[House Practice: A Guide to the Rules, Precedents and Procedures of the House] [Chapter 54. Unanimous-Consent Agreements] [From the U.S. Government Publishing Office, www.gpo.gov] [[Page 881]] CHAPTER 54 - UNANIMOUS-CONSENT AGREEMENTS HOUSE PRACTICE Sec. 1. In General; Effect of Agreement Sec. 2. Recognition of Members for Requests Sec. 3. Timeliness Sec. 4. Stating the Request; Withdrawal Sec. 5. Objecting to the Request Sec. 6. Reserving Objections Sec. 7. Particular Uses Relative to Business of the House Sec. 8. Particular Uses Relative to Business of the Committee of the Whole Sec. 9. Limitations on Requests; Grounds for Denial of Recognition Sec. 10. Modification or Revocation of Agreement Research References 4 Hinds Sec. Sec. 3058-3060, 3155-3159 7 Cannon Sec. Sec. 758-763 Deschler Ch 23 Sec. Sec. 42-48 Manual Sec. Sec. 528, 872, 950, 956, 978, 993 Sec. 1 . In General; Effect of Agreement Generally A request for unanimous consent is in effect a motion to suspend the order of business temporarily. Granting the request permits some action that is not in dispute and to which no Member has any objection. Manual Sec. 872; 4 Hinds Sec. Sec. 3058, 3059; 8 Cannon Sec. 2794. An objection by any Member terminates the request. Deschler Ch 23 Sec. 45.6. The practice of the House in allowing some action to be taken by unanimous consent began in the 1830's, when the House, responding to the increased pressure of legislative activity, unanimously agreed to a special order permitting it to consider a bill which was not in the regular order of business. 4 Hinds Sec. 3155. This use has now become commonplace. In the modern practice of the House, many items of business are considered as a result of unanimous-consent requests. The device also is used to facilitate [[Page 882]] consideration of measures by waiving the reading or limiting or extending the time for debate. Sec. Sec. 7, 8, infra; see also Consideration and Debate. Availability in the Committee of the Whole Unanimous-consent requests are in order both in the House and, to a lesser extent, in the Committee of the Whole. For example, the Committee may by unanimous consent permit the withdrawal of an amendment under rule XVIII clause 5, limit debate other than general debate set by the House, or provide that a bill be considered as read and open to amendment unless in conflict with a House order or special rule. Manual Sec. 993; 8 Cannon Sec. 2553. However, unanimous consent may not be requested in the Committee of the Whole on matters properly cognizable only in the House. Manual Sec. 993; Deschler Ch 23 Sec. Sec. 48.15, 48.16; Sec. 8, infra. Sec. 2 . Recognition of Members for Requests Generally; Speaker's Guidelines The recognition of Members to offer unanimous-consent requests is in the discretion of the Chair. Deschler Ch 23 Sec. 45.4. A Member seeking unanimous consent must be recognized by the Chair for a stated purpose, and a Member so recognized may not seek the further consent of the House for some other purpose. Thus, a Member may not be recognized to consider a particular bill where he has been recognized only to proceed for one minute. Deschler Ch 23 Sec. 48.3. The Speaker has announced and enforced a policy of conferring recognition for unanimous-consent requests for the consideration of unreported bills and resolutions only when assured that the majority and minority floor and committee leaderships have no objection. This policy minimizes attempts to force Members to go on record as objecting to a variety of unanimous-consent requests. The policy has been extended to the following:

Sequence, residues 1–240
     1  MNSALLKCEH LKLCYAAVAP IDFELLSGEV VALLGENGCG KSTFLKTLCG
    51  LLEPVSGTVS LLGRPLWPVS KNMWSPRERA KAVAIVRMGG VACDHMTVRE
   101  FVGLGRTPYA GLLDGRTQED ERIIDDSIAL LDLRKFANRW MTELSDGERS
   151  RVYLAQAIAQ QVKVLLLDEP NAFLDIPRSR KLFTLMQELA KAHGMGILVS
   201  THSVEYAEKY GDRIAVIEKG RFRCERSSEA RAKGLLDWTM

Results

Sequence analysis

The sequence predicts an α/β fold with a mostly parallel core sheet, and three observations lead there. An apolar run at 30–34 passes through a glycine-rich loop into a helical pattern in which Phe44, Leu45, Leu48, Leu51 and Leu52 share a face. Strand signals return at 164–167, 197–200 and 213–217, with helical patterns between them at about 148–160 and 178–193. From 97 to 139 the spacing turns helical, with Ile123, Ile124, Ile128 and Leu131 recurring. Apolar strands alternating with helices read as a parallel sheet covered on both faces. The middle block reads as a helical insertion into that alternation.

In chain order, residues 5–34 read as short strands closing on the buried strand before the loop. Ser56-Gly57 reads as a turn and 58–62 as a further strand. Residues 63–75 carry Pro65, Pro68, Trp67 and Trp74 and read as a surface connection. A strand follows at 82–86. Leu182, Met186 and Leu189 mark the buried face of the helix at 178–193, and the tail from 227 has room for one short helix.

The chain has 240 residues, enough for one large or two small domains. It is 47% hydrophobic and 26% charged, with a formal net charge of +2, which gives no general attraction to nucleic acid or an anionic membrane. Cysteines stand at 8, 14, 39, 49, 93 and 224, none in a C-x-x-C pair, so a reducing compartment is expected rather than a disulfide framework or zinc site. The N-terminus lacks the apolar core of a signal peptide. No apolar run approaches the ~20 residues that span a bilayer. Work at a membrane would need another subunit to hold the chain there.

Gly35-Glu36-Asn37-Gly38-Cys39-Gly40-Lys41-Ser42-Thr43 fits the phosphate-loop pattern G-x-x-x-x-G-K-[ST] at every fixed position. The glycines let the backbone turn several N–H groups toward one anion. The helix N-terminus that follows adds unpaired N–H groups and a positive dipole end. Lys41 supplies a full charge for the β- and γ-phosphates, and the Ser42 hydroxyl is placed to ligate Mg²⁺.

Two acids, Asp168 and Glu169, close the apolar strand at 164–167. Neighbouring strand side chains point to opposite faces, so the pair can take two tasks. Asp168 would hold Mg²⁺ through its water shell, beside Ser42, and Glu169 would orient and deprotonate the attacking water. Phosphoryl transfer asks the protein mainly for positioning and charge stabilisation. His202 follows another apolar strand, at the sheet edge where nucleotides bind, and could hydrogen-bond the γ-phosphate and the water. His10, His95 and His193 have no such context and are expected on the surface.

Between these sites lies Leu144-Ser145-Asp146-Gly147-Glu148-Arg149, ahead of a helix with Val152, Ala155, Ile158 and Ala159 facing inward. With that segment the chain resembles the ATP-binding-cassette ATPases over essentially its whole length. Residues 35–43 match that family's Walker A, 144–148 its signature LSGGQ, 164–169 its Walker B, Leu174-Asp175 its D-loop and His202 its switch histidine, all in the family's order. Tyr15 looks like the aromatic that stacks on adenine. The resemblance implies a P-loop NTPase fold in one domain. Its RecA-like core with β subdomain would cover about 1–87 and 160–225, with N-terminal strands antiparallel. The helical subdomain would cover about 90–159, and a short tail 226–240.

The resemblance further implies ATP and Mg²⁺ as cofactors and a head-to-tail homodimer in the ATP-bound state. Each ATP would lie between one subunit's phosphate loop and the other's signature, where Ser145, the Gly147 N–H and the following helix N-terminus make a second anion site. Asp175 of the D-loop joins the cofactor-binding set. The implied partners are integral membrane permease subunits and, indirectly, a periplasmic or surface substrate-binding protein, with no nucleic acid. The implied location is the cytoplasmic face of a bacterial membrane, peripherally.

Requests relating to reported bills. Requests for immediate consideration of matters (separately unreported) comprising a portion of a measure already passed by the House. Requests to consider a motion to suspend the rules and pass an unreported bill (on a nonsuspension day). Requests to permit consideration of (nongermane) amendments to bills. Requests to permit expedited consideration of measures on subsequent days, as by waiving the requirement that a bill be referred to committee for 30 legislative days before a motion to discharge may be presented under rule XV clause 2. Requests relating to Senate-passed bills on the Speaker's table, including one identical to a House-passed bill and a Senate concurrent resolution to correct an enrollment. [[Page 883]] Constituent parts of a single request combining final disposition of several separate measures. Manual Sec. 956. In addition, with respect to unanimous-consent requests to dispose of Senate amendments to House bills on the Speaker's table, the Chair will entertain such a request only if made by the chairman of the committee with jurisdiction, or by another committee member authorized to make the request. Manual Sec. 956; Deschler Ch 21 Sec. 1.23. The Speaker's enforcement of this policy of recognition is not subject to appeal. ``Floor leadership'' in this context has been construed to apply only to the Minority Leader and not to the entire hierarchy of minority leadership, where the Chair had been assured that the Minority Leader had been consulted. It is not a proper parliamentary inquiry to ask the Chair to indicate which side of the aisle has failed under the Speaker's guidelines to clear a unanimous-consent request, but the Chair may indicate his general cognizance of a failure of clearance for the Congressional Record. For a discussion of recognition for unanimous-consent requests to vary procedures in the Committee of the Whole governed by a special order adopted by the House, see Manual Sec. 993; Sec. 8, infra. Sec. 3 . Timeliness Unanimous-consent requests must be timely. Deschler Ch 23 Sec. 45.4. They cannot be entertained: In the House after the House has voted to go into the Committee of the Whole. 4 Hinds Sec. 4727. When the absence of a quorum has been announced in the House. 6 Cannon Sec. Sec. 660, 686, 689. During proceedings incident to securing a quorum of the Committee of the Whole. 8 Cannon Sec. 2379. During the pendency of a unanimous-consent request by another Member. Deschler Ch 23 Sec. 48.1. An objection to a unanimous-consent request must be timely. It is ordinarily too late to object to a unanimous-consent request after the Chair has asked if there is objection and has announced that he hears none. Deschler Ch 23 Sec. 45.3. Thus, when unanimous consent has been given for the consideration of a bill, amendments may be offered and may not be prevented by a subsequent objection of a Member. 5 Hinds Sec. 5782. [[Page 884]] Sec. 4 . Stating the Request; Withdrawal A Member seeking the unanimous consent of the House on some matter should rise and address the Chair. One request may not include alternatives (6 Cannon Sec. 709; Deschler Ch 23 Sec. 43.2) or include a request made contingent upon another (6 Cannon Sec. 709). It is the Speaker's statement of the request as put to the House that is controlling, and he may refuse to recognize an objection to the request made before his statement of the request. Deschler Ch 23 Sec. Sec. 43.1, 45.2. A Member may withdraw a unanimous-consent request at any time before House action thereon, and unanimous consent to do so is not required. Deschler Ch 23 Sec. 43.4. Sec. 5 . Objecting to the Request Generally An objection to a unanimous-consent request terminates the request, even if the objecting Member attempts to subsequently withdraw his objection. Deschler Ch 23 Sec. 45.6. Because a request for unanimous consent is in effect a request to suspend the order of business temporarily, a demand for the ``regular order'' may be made at any time while the request is being stated and requires the request to be disposed of immediately. Manual Sec. 381; 4 Hinds Sec. 3058. An objection to a unanimous-consent request may be made by any Member, including the Speaker or the Chairman of the Committee of the Whole. 8 Cannon Sec. 3383; Deschler Ch 23 Sec. Sec. 42, 45.5. A Delegate may also object. Manual Sec. 675; 6 Cannon Sec. 241. When objecting to a unanimous-consent request, a Member must rise from his seat and be identified for the Congressional Record. Manual Sec. 872; 2 Hinds Sec. 1137. If the Chair repeats the request, the objection is properly made to the request as put by the Chair, not as put by the Member making the request. Deschler Ch 23 Sec. 45.2. Sec. 6 . Reserving Objections A Member may reserve the right to object to a unanimous-consent request and by so doing obtain the floor. Deschler Ch 23 Sec. 42. However, recognition for this purpose is within the discretion of the Speaker, and he may refuse to permit debate under the reservation and put the question on the request. Manual Sec. 872; Deschler Ch 23 Sec. Sec. 46.1, 46.2. A Member reserving the right to object to a unanimous-consent request holds the floor under that reservation subject to a demand for the regular [[Page 885]] order by any Member or by the Chair. Deschler Ch 23 Sec. 46.6. A Member controlling the floor under a reservation of the right to object loses the floor if the request is withdrawn or if the regular order is demanded. 6 Cannon Sec. Sec. 287, 288; Deschler Ch 23 Sec. Sec. 46.3, 46.4. If the regular order is demanded by a Member standing on his feet, the reserving Member must either object or withdraw his reservation. Deschler Ch 23 Sec. 46.6. Sec. 7 . Particular Uses Relative to Business of the House The unanimous-consent procedure is commonly used to change the regular order or waive the application of a particular rule. Under this practice, the House may waive the requirement of a rule unless the rule in question specifies that it is not subject to waiver, even by unanimous consent. Deschler Ch 23 Sec. 42. The unanimous-consent procedure is applied across a wide range of House business. Unanimous-consent Requests Involving Consideration or Adoption or Passage of a Measure Unanimous consent may be used to provide for the consideration of a measure in the House, to vary the consideration of a measure in the House that is being considered under the general rules of the House or under an existing special order of business, or to adopt or pass a measure. For example, unanimous-consent requests may be used as follows: To call up for consideration a nonprivileged measure. Deschler Ch 23 Sec. 47.4. To consider a bill under the general rules of the House. Deschler-Brown Ch 29 Sec. 3.4. Note: If on the Union Calendar, the bill will then normally be considered in the Committee of the Whole. However, the bill may be called up pursuant to the agreement and then by unanimous consent considered in the House as in the Committee of the Whole. 4 Hinds Sec. 4923. To provide a special order for the consideration of certain business (such as motions to suspend the rules on a day not set aside for suspensions). 4 Hinds Sec. Sec. 3165, 3166; 7 Cannon Sec. Sec. 758-760. To alter the terms of a special order. 7 Cannon Sec. 763. To transact other business on a day set apart for a special purpose. 5 Hinds Sec. 7246. To agree to transact no business during a stated period. 7 Cannon Sec. Sec. 760, 761. To take from the Speaker's table a House bill with Senate amendments and to consider those amendments in the House. Manual Sec. 528a. [[Page 886]] To permit the House to recede from its own amendment to a Senate amendment before the stage of disagreement. 89-2, Apr. 18, 1966, p 8207. To permit consideration in the House on any subsequent day of a bill to be introduced by the Chairman of the Committee on Appropriations. 97-2, June 23, 1982, p 14989. To waive all points of order against consideration in the House of an unreported joint resolution providing further continuing appropriations for the current fiscal year, consider it as read for amendment, close it to amendment by ordering the previous question to passage without intervening motion except debate and one motion to recommit. 107-2, Sept. 26, 2002, p ____. To discharge the Committee of the Whole from further consideration of a bill being read for amendment under a special order, and provide that certain amendments be considered as agreed to. 98-1, Nov. 18, 1983, p 34160. To consider a measure on the Union Calendar in the House by waiving all points of order against consideration, self-execute a compromise substitute in lieu of the committee amendments, and close the measure to amendment by ordering the previous question on the bill, as amended, to passage without intervening motion except debate and one motion to recommit with or without instructions. 106-2, Apr. 13, 2000, p ____. To consider a measure on the Union Calendar in the Committee of the Whole under the five-minute rule, waive points of order against the committee substitute as original text. 106-2, Apr. 13, 2000, p ____. To adopt or pass, in a single request, several measures, including any amendments thereto. See, e.g., 107-2, Nov. 14, 2002, p ____. To enlarge the time for debate on a motion to suspend the rules. 8 Cannon Sec. 3414. To specify the time at which a measure is to be called up-- either immediately or on a subsequent day. 106-1, July 22, 1999, p ____. Unanimous-Consent Requests to Effect a Variety of Business of the House In addition to facilitating consideration of legislative matters, unanimous-consent requests may used be as follows: To swear in a Member-elect pending arrival of his credentials. 6 Cannon Sec. 12. To increase the number of Members on a standing committee. 8 Cannon Sec. 3381. To refer a bill for the payment of a private claim against the government to a committee other than the Judiciary or International Relations. Rule XII clause 2(d). To correct a reference to committee. Manual Sec. 714. To permit a committee additional time to file a report. 8 Cannon Sec. 2783. [[Page 887]] To insert extraneous material in the Congressional Record or to permit Members to revise and extend their remarks or to vacate such permission. 5 Hinds Sec. 6990; Deschler Ch 23 Sec. 47.11. To postpone consideration of a measure, such as a resolution from the Committee on Rules, or to postpone certain votes thereon. Deschler Ch 23 Sec. 47.8. To entertain a proposition for a recess. 8 Cannon Sec. 3357. Note: Rule I clause 12 permits the Speaker, without unanimous consent, to declare a ``short'' recess when no business is pending or an ``emergency'' recess when notified of an imminent threat. To suspend the order of business to permit the House to vacate an action taken on a bill. 6 Cannon Sec. 711. To withdraw papers accompanying bills after they have been submitted to the House. 5 Hinds Sec. 7259. To file a report or to file minority views while the House is not in session. 8 Cannon Sec. 2252. To withdraw a report from a standing committee. 8 Cannon Sec. 2312. To allow a Member to proceed in order after the Chair has ruled his words out of order. Manual Sec. 961. To change unparliamentary words spoken in debate or to withdraw or delete such words from the Congressional Record. 8 Cannon Sec. Sec. 2538, 2540; Deschler Ch 23 Sec. Sec. 47.9, 47.10. To address the House for one minute before offering a motion. Deschler Ch 23 Sec. 47.7. Sec. 8 . Particular Uses Relative to Business of the Committee of the Whole Unanimous-consent requests are frequently used in the House and in the Committee of the Whole to vary the rules governing consideration of a measure. However, the Committee of the Whole may by unanimous consent permit only minor variances from a special order of business adopted by the House. The variances must be congruent with the special order governing consideration of the measure in the Committee of the Whole. Manual Sec. 993. The following unanimous-consent requests may be considered in the Committee of the Whole: To dispense with the first reading of a bill. 8 Cannon Sec. 2436. To dispense with the reading of an amendment. Deschler Ch 23 Sec. 47.2. To withdraw a pending amendment. Rule XVIII clause 4; Manual Sec. 978. To offer a perfecting amendment in the Committee of the Whole to an amendment that has already been agreed to. Deschler Ch 23 Sec. 47.3. To return to a portion of a bill passed in the reading for amendment. 8 Cannon Sec. 2929. [[Page 888]] To permit a supporter of an amendment to claim debate time allocated by special order to an opponent, where no opponent seeks recognition. Manual Sec. 993. To shorten the time set by special order for debate on a particular amendment. Manual Sec. 993. To lengthen the time set by special order for debate on a particular amendment under terms of control congruent with those set by the order of the House. Manual Sec. 993. To permit one of two committees controlling time for general debate pursuant to a special order to yield control of its time to the other. Manual Sec. 993. To permit the offering of pro forma amendments for the purpose of debate under a ``modified-closed'' special order limiting both amendments and debate thereon but not specifically preempting pro forma amendments. Manual Sec. 993. To close debate on titles of a bill that have not been read. Deschler Ch 23 Sec. 47.1. To close or limit debate under the five-minute rule and to modify that time limit. Manual Sec. 987. To permit the reading of an amendment considered as read by special order. Manual Sec. 993. Unanimous-consent requests are limited in the Committee of the Whole because debate and the amendment process are normally restricted by the terms of a special order or by the standing rules of the House. The Committee may permit only minor variances that are congruent with the controlling special order of the House. Unanimous-consent requests for material alterations must be made in the House. Manual Sec. 993. The following unanimous-consent requests are not in order in the Committee of the Whole: To change the scheme for control or duration of general debate specified by the House. Manual Sec. 993. To entertain a motion to reconsider. Deschler Ch 23 Sec. 39.12. To excuse a Member from voting in the Committee of the Whole. Deschler-Brown Ch 30 Sec. 3.3. To permit an amendment to be offered to the underlying bill where a special rule permitted its consideration only as a perfecting amendment to a committee amendment. Manual Sec. 993. To permit a substitute to be read for amendment by section where the special rule did not so provide. Manual Sec. 993. To restrict ``en blocking'' authority granted in a special order. Manual Sec. 993. To preempt the Chair's discretion under rule XVIII clause 6 to postpone and cluster votes or to schedule further consideration of a pending measure to a subsequent day. Manual Sec. 993. To postpone a vote on an appeal of a ruling of the Chair. Manual Sec. 993. [[Page 889]] To permit an amendment to an amendment rendered unamendable by a special order or to permit an amendment to an amendment already adopted. Manual Sec. 993. To permit consideration of an amendment out of the order specified in a special rule. Manual Sec. 993. To permit consideration of an additional amendment or to authorize a supplemental report from the Committee on Rules in lieu of the original report referred to in the special order. Manual Sec. 993. To permit another to offer an amendment vested in a specified Member. Manual Sec. 993. To permit a division of the question on an amendment rendered indivisible by a special order. Manual Sec. 993. To extend the time limitation for consideration of amendments beyond that set by a special order requiring the Chair to put the question on the pending amendments at the expiration of certain hours of consideration. Manual Sec. 993. To prohibit the offering of an amendment otherwise in order. Manual Sec. 980. Sec. 9 . Limitations on Requests; Grounds for Denial of Recognition It cannot be assumed that the House has authority to waive any rule by unanimous consent. Sometimes the rule itself contains a specific provision that it cannot be suspended by unanimous consent. The rules specifically prohibit the use of the unanimous-consent procedure as follows: To permit unauthorized persons to be admitted to the House floor. Rule IV clause 2. To bring to the attention of the House an occupant of the galleries. Rule XVII clause 7. To delete the name of the first sponsor of a bill or resolution. Rule XII clause 7(b)(2). In addition, there are many rules that are not subject to waiver by unanimous consent under the practice of the House. Deschler-Brown Ch 29 Sec. 11.1. For example, the following unanimous-consent requests are not in order in the House: To permit a Member to have his vote recorded after the announcement of the result. Deschler-Brown Ch 30 Sec. 36.1. To extend a five-minute special-order speech or to extend a special-order speech beyond midnight. Manual Sec. 950. To permit a Member to give a second one-minute speech. Manual Sec. 950. To revise and extend arguments in the Congressional Record on points of order (it being essential that the Chair's ruling be responsive to arguments actually made). Manual Sec. 628. [[Page 890]] To insert in the Congressional Record a colloquy between Members that did not actually occur. Manual Sec. 692. Requests Denied Recognition at the Speaker's Discretion The Speaker may decline to recognize for a unanimous-consent request which is improper or inappropriate under the particular circumstances, as where proper notice cannot be given to interested Members. Deschler Ch 23 Sec. 48.2. He may do so by exercising his discretionary power of recognition. Deschler Ch 23 Sec. 42. Thus the Speaker may decline to recognize for a unanimous-consent request: To permit a Member to address the House on a private bill being considered on the Private Calendar. Deschler Ch 23 Sec. 48.8. To permit the House to rerefer a bill to a committee whose chairman has not been consulted on the matter. Deschler Ch 23 Sec. 48.5. To consider a measure after the Members have been informed that there will be no further legislative business for the day. Deschler Ch 23 Sec. Sec. 48.6, 48.7. To reduce to five minutes the time for the first vote in a series of postponed votes, because the bell and light system would not give adequate notice of the initial five-minute vote. Manual Sec. 1030. To direct the clerk of a committee, without its approval, to bring to the well of the House certain documents in the custody of that committee. Deschler Ch 23 Sec. 48.4. For a discussion of the Speaker's guidelines for conferring recognition for unanimous-consent requests for the consideration of certain measures, see Sec. 2, supra. Sec. 10 . Modification or Revocation of Agreement An agreement entered into by unanimous consent may be modified or vacated by unanimous consent at the pleasure of the House. 7 Cannon Sec. 946. Thus, by unanimous consent, the House may vacate a previous unanimous-consent agreement permitting all Members to revise and extend their remarks on a particular measure. 98-1, Nov. 15, 1983, p 32746. A unanimous-consent agreement also may be revoked pursuant to a majority vote on a resolution reported from the Committee on Rules as to the order of business. 8 Cannon Sec. 3390. It has been held that a so-called ``gentleman's agreement''--that is, a unanimous-consent agreement not to take up a bill during a particular period--is not subject to subsequent revision, even by unanimous consent. Such agreements are said to be observed ``with scrupulous care,'' especially when Members have left the floor with the understanding that the bill will [[Page 891]] not be considered in their absence. 6 Cannon Sec. 710a. In the modern practice of the House, however, the Speaker will not entertain a unanimous-consent request to preclude him from recognizing for consideration of a certain matter. Agreement to such a request would render the restriction an order of the House. The Speaker prefers to retain the scheduling of legislation as the prerogative of the majority leadership, subject to the Speaker's guidelines for unanimous-consent requests as discussed in section 2, supra.